// directive: indicate if the content should proceed to the next stage
      // Check out WCM Javadoc for more valid directives information
      Directive directive = Directives.CONTINUE;
      System.out.println(" - document:" + doc.getName());
      return customWorkflowService.createResult(directive, msg);
     public Date getExecuteDate(Document arg0) {
      return DATE_EXECUTE_NOW;
  6. Create a custom workflow action factory class that implements the interface com.ibm.workplace.wcm.api.custom.CustomWorkflowActionFactory. This is the controller class, it is use to call the respective custom workflow actions.
    package xxx.xxx.xxx.cwf;
    import java.util.Locale;
    import com.ibm.workplace.wcm.api.Document;
    import com.ibm.workplace.wcm.api.custom.CustomWorkflowAction;
    import com.ibm.workplace.wcm.api.custom.CustomWorkflowActionFactory;
    public class XXXCustomWorkflowActionFactory implements CustomWorkflowActionFactory {
     String NEWS_ALERT_SUBSCRIPTION = "News Alert Subscription";
     public CustomWorkflowAction getAction(String arg0, Document arg1) {
      if (arg0.equals(NEWS_ALERT_SUBSCRIPTION)) {
       return new NewsAlertSubscriptionAction();
      return null;
     public String getActionDescription(Locale arg0, String arg1) {
      if (arg0.equals(NEWS_ALERT_SUBSCRIPTION)) {
       return "Send Email Alert to Subscribers";
      return null;
     public String[] getActionNames() {
      String names[] = { NEWS_ALERT_SUBSCRIPTION };
      return names;
     public String getActionTitle(Locale arg0, String arg1) {
      return arg1;
     public String getName() {
      return "XXX Custom Workflow Actions";
     public String getTitle(Locale arg0) {
      return "XXX Custom Workflow Actions";
  7. Create a plugin.xml file if you are deploying using WAR or EAR. Include the plugin.xml file in the application’s “WEB-INF” folder.
    <?xml version="1.0" encoding="UTF-8"?>
    <plugin id="XXXCustomWorkflowActionsPlugin" name="XXX Custom Workflow Actions Plugin" version="1.0.0" provider-name="IBM">
    <extension point="com.ibm.workplace.wcm.api.CustomWorkflowActionFactory" id="XXXCustomWorkflowActionFactory">
    <provider class="xxx.xxx.xxx.cwf.XXXCustomWorkflowActionFactory"/>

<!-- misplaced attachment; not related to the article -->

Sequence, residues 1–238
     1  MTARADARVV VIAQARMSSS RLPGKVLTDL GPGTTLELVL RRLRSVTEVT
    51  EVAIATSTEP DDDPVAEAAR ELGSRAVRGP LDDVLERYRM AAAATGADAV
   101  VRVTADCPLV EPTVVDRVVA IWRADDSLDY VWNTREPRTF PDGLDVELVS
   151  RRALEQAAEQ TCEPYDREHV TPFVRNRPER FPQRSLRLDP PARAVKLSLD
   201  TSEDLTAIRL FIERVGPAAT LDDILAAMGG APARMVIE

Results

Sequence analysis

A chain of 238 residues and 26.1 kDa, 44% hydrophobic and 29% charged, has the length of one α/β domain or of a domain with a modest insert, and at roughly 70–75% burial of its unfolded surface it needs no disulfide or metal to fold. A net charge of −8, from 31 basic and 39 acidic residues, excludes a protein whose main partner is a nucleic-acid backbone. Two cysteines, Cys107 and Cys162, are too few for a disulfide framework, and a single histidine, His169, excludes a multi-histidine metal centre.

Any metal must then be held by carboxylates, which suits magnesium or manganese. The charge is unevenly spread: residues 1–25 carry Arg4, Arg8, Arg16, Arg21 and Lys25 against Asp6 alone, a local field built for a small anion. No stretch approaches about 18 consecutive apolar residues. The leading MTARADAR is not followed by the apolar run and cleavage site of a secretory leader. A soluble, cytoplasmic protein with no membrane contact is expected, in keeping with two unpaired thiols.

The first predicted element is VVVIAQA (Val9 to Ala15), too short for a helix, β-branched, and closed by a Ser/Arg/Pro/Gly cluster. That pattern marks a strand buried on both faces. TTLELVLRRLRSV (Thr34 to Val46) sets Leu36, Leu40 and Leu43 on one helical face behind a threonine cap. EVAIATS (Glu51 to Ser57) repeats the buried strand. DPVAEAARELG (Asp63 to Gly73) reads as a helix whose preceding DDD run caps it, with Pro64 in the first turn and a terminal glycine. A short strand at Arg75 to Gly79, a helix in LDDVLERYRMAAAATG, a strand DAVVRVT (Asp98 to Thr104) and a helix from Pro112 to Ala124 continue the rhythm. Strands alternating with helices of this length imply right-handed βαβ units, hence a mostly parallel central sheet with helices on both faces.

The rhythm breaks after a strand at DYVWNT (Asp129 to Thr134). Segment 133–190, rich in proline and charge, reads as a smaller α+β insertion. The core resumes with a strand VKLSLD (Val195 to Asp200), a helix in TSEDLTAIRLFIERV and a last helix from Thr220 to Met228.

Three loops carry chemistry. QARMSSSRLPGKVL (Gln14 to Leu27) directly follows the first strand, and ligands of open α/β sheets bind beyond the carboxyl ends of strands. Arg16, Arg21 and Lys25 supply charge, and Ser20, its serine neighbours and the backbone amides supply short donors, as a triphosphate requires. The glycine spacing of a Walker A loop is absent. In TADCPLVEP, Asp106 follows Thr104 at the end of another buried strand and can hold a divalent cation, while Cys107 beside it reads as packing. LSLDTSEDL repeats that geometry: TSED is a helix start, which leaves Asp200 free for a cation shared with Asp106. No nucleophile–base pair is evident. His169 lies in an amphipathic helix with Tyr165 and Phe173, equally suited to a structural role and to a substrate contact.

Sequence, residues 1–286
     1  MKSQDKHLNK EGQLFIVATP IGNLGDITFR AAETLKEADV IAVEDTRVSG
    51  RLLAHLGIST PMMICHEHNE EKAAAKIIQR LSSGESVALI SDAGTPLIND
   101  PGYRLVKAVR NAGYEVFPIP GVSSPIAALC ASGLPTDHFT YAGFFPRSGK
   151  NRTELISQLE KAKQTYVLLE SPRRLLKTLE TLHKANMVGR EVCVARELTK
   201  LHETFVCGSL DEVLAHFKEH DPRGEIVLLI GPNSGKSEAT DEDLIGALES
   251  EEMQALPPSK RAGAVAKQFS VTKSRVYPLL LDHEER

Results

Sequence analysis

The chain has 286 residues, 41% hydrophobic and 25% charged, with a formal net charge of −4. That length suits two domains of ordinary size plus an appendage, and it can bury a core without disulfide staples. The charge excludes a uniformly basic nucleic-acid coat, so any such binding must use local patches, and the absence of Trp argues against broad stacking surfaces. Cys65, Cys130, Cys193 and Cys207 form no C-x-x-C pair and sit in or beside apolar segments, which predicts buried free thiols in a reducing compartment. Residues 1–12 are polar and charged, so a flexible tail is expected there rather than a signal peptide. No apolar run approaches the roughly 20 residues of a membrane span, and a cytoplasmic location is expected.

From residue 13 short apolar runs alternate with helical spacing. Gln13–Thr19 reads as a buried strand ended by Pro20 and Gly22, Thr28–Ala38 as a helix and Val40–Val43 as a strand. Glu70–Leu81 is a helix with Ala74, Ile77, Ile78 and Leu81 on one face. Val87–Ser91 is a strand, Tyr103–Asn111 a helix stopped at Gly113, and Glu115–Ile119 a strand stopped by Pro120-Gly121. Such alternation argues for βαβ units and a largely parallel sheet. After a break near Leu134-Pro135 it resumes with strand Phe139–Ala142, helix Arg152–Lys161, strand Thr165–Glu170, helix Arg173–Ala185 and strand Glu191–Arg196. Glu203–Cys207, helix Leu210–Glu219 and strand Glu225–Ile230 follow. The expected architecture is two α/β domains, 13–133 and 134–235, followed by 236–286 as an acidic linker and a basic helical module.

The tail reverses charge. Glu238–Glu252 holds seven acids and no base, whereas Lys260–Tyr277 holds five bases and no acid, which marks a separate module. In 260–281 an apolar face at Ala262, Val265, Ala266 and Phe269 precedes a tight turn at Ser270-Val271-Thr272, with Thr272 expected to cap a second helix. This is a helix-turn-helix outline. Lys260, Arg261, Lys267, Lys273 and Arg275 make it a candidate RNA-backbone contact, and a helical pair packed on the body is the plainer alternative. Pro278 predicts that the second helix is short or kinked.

8. Follow the Deploying custom plug-in applications to deploy your plugin.
  9. Go to Web Content Authoring portlet and create Custom Workflow Action, you should be able to select your custom workflow action as shown below.


WebSphere Portal 8.5: Customize Ephox Editor

We have been encouraging our clients to use Ephox Editor as their default WCM rich text editor ever since IBM has acquired Ephox Editor OEM licence. Hence it is important for us to know how to:

  • Customize Ephox Editor default menu and toolbar items (for example change the default font size from “pt” to “px”)
  • Apply our custom theme css classes styles in Ephox Editor

Most of the customization will be taking place at the config file, it is located at  <wp_profile>/installedApps/<cell>/wcm.ear/editor-editlive-config.war/config/config.xml.jsp.


Steps to customize Ephox Editor default editor settings:

  1. Read Setting Menu and Toolbar Items tutorial guide first.
  2. Edit the config file accordingly.
  3. Restart the server.

Steps to include custom theme css in Ephox Editor:

  1. Read Using CSS in the Applet tutorial guide first.
  2. Edit the config file accordingly.
  3. Restart server.


Find Out Your Jar File Location

Below is the code to locate your class jar file location:

CodeSource src = MyClass.class.getProtectionDomain().getCodeSource();

Query Service in WebSphere Portal WCM API

QueryService is a good addition to WCM API. Other than helping to keep the API neat, it also provides a way for developers to do “OR” condition (Disjunction class).